The family of a Montreal resident, Christiane Vadnais, who was mauled to death by a pit bull-type dog in her backyard in June 2016 was one of the first to testify at National Assembly hearings looking into province-wide legislation on dangerous dogs, which includes pit bull breeds.
The family said this was a very difficult day for them, but something they wanted to be a part of. They began their testimony with a moment of silence for Vadnais.
“It’s very emotional for me so I don’t always come out and talk to the public, but today was more significant to me so it was important to be here — not only for my mom, but for all the victims,” said Vadnais’ daughter, Emilie Routhier.
Bill 128, tabled by Public Security Minister Martin Coiteux, which proposes a framework for dangerous dogs names the following races as “having a reputation for being potentially dangerous”: rottweilers, pit bulls (American terriers, Stratfordshire American terriers, Stratfordshire bull terriers) as well as rottweiler and pit bull mixed breeds and dogs that have been trained for combat or attack.
Routhier explained that her late mother was a dog owner and so is she, but she wants to see the province ban pit bulls outright.
“We’re all dog lovers. I can’t imagine my life without dogs — that’s not what we’re trying to prove here. We love dogs, we love all breeds, but why have one breed if it’s going to be dangerous?” she said.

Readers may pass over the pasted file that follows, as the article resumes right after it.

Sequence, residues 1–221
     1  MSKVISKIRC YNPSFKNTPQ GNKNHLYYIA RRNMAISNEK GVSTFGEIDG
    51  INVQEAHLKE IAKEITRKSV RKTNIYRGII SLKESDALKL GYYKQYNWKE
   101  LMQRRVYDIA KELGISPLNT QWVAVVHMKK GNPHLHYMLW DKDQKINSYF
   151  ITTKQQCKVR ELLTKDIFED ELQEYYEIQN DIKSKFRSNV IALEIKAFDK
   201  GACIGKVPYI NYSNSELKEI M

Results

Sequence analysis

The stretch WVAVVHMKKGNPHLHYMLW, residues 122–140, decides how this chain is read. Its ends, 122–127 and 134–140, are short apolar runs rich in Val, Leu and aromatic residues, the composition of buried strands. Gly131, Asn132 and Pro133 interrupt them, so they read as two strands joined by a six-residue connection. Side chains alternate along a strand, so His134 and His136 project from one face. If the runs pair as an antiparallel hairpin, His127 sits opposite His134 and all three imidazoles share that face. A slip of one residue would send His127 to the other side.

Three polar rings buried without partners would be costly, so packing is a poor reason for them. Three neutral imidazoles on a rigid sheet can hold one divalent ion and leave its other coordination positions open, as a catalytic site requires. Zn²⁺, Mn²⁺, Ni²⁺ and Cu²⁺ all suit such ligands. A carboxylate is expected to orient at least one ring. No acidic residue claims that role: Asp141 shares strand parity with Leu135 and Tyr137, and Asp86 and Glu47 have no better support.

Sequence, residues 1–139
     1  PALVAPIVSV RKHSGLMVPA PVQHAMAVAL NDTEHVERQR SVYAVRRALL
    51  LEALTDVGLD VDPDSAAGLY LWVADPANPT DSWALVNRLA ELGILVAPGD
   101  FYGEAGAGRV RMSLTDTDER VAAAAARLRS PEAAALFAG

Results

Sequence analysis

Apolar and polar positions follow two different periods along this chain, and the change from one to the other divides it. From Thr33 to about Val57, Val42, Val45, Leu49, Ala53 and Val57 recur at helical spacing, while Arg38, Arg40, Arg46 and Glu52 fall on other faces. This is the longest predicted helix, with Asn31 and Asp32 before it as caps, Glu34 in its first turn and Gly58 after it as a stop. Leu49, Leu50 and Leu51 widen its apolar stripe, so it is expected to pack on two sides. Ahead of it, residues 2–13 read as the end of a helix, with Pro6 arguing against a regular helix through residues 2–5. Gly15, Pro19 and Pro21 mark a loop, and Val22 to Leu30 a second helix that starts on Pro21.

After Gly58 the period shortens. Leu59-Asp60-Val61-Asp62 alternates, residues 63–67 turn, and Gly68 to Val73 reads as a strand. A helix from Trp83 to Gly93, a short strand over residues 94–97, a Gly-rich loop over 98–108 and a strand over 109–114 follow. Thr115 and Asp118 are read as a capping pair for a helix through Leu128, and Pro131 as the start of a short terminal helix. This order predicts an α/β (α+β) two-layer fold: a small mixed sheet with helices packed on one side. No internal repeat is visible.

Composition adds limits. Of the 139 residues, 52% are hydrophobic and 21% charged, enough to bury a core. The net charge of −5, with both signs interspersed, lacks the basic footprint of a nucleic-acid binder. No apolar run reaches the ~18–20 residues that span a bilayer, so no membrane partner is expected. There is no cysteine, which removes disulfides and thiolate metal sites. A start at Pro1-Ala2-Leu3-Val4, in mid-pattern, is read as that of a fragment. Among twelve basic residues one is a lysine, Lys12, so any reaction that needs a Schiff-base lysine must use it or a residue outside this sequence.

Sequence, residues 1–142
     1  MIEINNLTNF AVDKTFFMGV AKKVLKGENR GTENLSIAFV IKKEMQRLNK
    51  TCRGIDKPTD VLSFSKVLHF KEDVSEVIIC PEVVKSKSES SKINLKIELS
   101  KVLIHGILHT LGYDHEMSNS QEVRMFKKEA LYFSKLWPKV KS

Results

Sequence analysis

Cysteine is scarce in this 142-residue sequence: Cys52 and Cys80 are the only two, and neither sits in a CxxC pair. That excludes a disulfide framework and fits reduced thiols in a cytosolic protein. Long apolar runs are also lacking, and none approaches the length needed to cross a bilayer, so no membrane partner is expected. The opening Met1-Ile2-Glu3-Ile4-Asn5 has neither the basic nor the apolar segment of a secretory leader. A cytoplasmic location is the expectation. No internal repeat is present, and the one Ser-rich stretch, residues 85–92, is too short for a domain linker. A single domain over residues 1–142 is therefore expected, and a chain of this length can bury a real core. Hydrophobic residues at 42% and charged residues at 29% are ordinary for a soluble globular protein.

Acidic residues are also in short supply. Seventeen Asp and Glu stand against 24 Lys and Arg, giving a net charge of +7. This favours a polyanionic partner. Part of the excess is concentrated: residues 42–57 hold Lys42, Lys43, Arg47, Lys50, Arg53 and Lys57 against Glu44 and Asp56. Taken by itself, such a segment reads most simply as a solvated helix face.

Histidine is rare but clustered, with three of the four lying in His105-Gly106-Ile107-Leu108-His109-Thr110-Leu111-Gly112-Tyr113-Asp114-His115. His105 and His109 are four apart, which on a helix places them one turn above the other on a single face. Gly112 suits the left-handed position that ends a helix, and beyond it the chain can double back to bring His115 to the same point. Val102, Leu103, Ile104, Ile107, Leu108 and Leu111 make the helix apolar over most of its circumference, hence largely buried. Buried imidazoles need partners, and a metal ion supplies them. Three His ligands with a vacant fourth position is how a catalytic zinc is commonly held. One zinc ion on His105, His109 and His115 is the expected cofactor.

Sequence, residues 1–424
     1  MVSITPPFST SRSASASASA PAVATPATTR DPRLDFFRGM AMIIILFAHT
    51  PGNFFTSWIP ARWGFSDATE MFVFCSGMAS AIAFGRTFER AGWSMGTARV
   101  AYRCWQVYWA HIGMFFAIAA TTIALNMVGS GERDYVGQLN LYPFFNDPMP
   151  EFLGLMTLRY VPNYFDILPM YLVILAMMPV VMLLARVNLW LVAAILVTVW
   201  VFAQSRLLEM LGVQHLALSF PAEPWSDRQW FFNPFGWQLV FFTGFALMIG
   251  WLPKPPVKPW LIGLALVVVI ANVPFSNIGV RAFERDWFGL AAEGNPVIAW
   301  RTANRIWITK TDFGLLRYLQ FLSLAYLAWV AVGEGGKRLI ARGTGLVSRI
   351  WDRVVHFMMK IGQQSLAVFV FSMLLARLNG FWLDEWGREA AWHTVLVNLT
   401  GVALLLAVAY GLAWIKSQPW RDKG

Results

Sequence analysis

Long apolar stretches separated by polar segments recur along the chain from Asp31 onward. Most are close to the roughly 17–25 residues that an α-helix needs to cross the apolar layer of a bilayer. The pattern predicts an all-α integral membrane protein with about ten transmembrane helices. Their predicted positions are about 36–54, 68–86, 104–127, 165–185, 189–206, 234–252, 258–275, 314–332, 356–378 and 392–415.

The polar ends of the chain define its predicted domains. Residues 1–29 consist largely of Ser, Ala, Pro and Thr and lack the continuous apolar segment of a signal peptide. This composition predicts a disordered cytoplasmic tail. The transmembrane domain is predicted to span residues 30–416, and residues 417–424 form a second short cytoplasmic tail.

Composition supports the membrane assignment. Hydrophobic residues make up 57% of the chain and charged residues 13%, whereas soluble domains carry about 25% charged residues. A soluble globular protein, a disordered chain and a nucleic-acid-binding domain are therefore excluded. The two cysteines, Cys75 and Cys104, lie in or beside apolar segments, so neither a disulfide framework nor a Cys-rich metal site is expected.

Since her sister’s death, Lise Vadnais said she has been doing her own research about the dangers of pit bull breeds. She said she didn’t want to just give an emotional testimony about her sister — she also wanted to be able to provide the committee with facts.
“I must speak about her because it’s what brought us here. But beyond that, we have a social conscience and that’s what we want to talk about,” she said.
Even so, she couldn’t help from tearing up before the hearings when underscoring the message that she wanted to drive home: “It shouldn’t be a political issue, but one of public safety,” she said.
However, once her testimony began, she was composed, asking the minister, “Are we really in the process of choosing between a human and a dog? I hope not.”
Montreal, which suspended its pit bull ban in December, is not appearing at the National Assembly hearings.
In an interview with Global News, Montreal Mayor Valerie Plante said she thought a ban was “not the right approach.”
“We’ve seen it in other cities, like London for example, who had a pit bull ban… and then changed it because it was costly, not effective and it kind of created a false sense of security,” she said.
Quebec Veterinarians testify
The Order of Quebec Veterinarians also testified on Tuesday. They told the commission they would like the bill to go further and proposed recommendations.
“It is essential to know dog breeders, and to control and identify them with a registry,” said Dr. Caroline Kilsdonk, president of the order. “The reproduction and sale of animals need to be better controlled.
Kilsdonk also recommended a province-wide education campaign for dog owners to inform them how to choose their dog and the best practices for training it. She said non-dog owners should also be taught how to properly react to dogs that might be aggressive.
Wednesday’s hearings begin with testimonies by both the Quebec SPCA Association and the Montreal SPCA.
The latter is also expected to propose recommendations. They would like to see people who’ve been convicted of animal cruelty be prohibited from owning a dog.